The Week in Light & Sound
Tuesday, 11 August 2020
Pantos Postponed - Four of London’s biggest pantomimes have become the latest major productions to postpone their 2020 performances amid ongoing uncertainty from government about reopening.
The Hackney Empire’s annual show will not take place this year, neither will pantomimes at the Lyric Hammersmith Theatre, Theatre Royal Stratford East and the Queen’s Theatre Hornchurch, which will not be staging a pantomime for the first time in nearly 70 years. Last year, the four pantomimes attracted audiences of more than 145,000 and typically employ over 280 freelancers.
A joint statement from the four venues said: "The production process for such a large-scale show as panto would have begun at the start of August. Without an announced date from the government on when theatre performances can resume without social distancing, making a panto economically viable, these theatres have now had to take the hard decision to postpone to 2021."
High Notes - A new production of Jason Robert Brown’s The Last Five Years is to be staged at the open-air Minack Theatre in Cornwall. It will be directed by Omar F Okai and runs from 15-19 September. Okai said: “We need to start looking to the future of theatre and I am so happy to be directing and working with a brilliant team on creating a fresh new look at The Last Five Years and bringing it to the Minack Theatre. Live theatre will be back and this is the start.”
Minack director Zoë Curnow said: “We were really keen to have a musical in our amended 2020 programme and really look forward to welcoming them all to the Cornish cliffs."
Public Support - Owners of an under-threat pub hope to reopen as a live music venue after crowdfunding raised more than £33,000. The Horn in St Albans, which normally hosts about 80 acts per month, is due to reopen as a pub later this month, with gigs to resume at a later date. Owner Adrian Bell he said he was "overwhelmed" by the public's support. Singer Paul Young, who has played at the venue and backed the appeal, said: "As soon as it's viable, people should go along and show their support."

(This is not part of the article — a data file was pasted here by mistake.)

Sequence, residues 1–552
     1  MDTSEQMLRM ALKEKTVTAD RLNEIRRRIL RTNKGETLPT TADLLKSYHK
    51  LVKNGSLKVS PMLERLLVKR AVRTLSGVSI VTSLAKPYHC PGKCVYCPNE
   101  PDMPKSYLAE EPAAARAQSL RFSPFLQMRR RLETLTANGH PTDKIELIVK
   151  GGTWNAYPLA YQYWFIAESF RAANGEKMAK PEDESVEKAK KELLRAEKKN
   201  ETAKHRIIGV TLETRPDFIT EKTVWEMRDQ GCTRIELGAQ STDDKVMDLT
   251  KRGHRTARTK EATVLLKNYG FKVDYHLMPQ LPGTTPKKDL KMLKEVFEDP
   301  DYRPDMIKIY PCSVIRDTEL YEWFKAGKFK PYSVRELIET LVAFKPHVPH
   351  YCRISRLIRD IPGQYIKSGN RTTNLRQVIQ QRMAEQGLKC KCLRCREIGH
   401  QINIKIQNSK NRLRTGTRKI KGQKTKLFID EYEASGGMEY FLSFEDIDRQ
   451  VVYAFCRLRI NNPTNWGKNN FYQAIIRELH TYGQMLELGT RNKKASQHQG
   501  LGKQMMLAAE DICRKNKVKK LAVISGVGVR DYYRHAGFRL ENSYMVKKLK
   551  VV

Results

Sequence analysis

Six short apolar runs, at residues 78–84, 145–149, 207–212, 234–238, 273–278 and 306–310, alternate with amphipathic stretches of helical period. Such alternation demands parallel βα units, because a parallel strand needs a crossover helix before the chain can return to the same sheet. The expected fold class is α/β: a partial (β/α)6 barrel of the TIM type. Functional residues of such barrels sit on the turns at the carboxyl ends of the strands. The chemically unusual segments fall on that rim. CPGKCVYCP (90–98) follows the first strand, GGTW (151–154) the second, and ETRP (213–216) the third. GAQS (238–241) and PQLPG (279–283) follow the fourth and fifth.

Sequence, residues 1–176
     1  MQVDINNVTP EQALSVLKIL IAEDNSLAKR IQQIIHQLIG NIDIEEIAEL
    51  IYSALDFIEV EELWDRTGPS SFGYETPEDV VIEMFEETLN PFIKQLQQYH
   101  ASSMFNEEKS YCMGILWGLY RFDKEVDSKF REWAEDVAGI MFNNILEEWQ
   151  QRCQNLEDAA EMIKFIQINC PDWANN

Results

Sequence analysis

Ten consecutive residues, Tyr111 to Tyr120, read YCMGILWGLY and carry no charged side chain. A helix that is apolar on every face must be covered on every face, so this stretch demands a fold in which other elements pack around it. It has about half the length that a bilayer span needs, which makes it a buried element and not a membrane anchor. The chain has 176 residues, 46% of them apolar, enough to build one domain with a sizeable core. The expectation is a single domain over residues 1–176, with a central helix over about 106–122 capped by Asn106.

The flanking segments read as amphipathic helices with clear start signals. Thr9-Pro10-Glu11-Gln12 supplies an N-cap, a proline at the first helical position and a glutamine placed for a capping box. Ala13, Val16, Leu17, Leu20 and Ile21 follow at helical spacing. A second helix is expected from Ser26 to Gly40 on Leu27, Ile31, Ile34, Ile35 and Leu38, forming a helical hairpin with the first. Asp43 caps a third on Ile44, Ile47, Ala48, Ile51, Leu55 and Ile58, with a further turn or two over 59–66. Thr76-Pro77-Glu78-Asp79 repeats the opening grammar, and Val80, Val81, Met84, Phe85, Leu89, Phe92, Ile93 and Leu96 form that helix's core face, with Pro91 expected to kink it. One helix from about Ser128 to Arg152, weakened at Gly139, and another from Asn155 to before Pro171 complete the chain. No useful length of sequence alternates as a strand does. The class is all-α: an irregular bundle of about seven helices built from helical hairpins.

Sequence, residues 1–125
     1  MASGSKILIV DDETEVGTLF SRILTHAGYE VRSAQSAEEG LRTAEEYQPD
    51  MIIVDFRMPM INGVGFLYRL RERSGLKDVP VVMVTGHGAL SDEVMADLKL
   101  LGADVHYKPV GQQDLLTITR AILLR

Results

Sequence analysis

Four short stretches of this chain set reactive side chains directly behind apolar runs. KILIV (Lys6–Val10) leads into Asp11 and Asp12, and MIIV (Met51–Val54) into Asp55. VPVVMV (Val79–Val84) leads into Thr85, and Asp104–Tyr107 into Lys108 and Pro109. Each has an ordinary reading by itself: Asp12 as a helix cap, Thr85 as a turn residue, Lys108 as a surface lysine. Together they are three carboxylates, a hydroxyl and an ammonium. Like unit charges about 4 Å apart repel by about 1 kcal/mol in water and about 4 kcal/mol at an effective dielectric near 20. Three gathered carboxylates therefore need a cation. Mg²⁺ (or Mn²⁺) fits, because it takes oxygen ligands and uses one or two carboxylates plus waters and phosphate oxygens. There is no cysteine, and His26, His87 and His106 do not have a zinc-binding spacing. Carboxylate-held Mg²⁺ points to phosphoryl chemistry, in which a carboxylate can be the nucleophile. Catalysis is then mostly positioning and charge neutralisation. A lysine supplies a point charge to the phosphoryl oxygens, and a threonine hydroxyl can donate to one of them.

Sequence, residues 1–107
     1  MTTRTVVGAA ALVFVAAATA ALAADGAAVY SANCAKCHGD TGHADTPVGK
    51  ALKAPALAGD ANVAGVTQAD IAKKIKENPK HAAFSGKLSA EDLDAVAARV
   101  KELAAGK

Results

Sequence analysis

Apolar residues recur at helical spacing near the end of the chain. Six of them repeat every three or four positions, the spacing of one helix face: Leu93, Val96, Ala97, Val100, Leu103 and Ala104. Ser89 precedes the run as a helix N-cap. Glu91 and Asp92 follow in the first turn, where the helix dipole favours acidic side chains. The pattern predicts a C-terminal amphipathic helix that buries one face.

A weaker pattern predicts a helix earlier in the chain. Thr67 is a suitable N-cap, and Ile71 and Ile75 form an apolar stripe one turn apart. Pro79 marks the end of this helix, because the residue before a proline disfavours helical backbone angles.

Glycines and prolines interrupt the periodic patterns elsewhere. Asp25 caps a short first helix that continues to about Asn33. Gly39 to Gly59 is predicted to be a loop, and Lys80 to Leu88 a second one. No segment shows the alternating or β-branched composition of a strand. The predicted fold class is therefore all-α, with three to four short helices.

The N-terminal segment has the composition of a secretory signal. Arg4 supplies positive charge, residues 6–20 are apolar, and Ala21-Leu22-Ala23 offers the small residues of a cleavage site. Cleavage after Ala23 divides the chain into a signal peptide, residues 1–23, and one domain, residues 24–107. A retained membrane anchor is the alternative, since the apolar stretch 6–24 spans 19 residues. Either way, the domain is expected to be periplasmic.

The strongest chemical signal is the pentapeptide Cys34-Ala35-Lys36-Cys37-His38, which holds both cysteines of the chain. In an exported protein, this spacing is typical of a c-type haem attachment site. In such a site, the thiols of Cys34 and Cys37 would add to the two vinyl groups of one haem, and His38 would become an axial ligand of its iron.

Grassroots - Elbow have agreed to perform a one-off gig in Manchester to help raise money for grassroots music venues. Front man Guy Garvey said he was "very proud to be involved" in the Passport: Back To Our Roots initiative. Everything Everything, Public Service Broadcasting and The Slow Readers Club will also give concerts once gigs are permitted with no social distancing. Tickets to the concerts can be won via a prize draw that opens on 17 August and runs for two weeks. Elbow will perform at Night & Day Cafe in Manchester, while Public Service Broadcasting will play at The Amersham Arms in New Cross, south-east London.
"This is a simple way of looking after the very roots of British music and will result in some powerful, joyous shows when we can at last see each other again," said Garvey. The Music Venue Trust (MVT) will receive 80% of the money raised. The remaining 20% will go to the Inner City Music charity, which operates not-for-profit Manchester venue Band on the Wall.
Farewell - Tributes have been paid to Martin Birch, the music producer known for his work with such bands as Deep Purple, Iron Maiden and Black Sabbath. "Martin was a huge part of my life," tweeted Whitesnake's David Coverdale. Birch, who died on Sunday aged 71, started out in the late 1960s as an engineer for Fleetwood Mac and others. He retired in 1992 after producing Fear of the Dark, the last of the 10 Iron Maiden records on which he worked.
(Jim Evans)
11 August 2020

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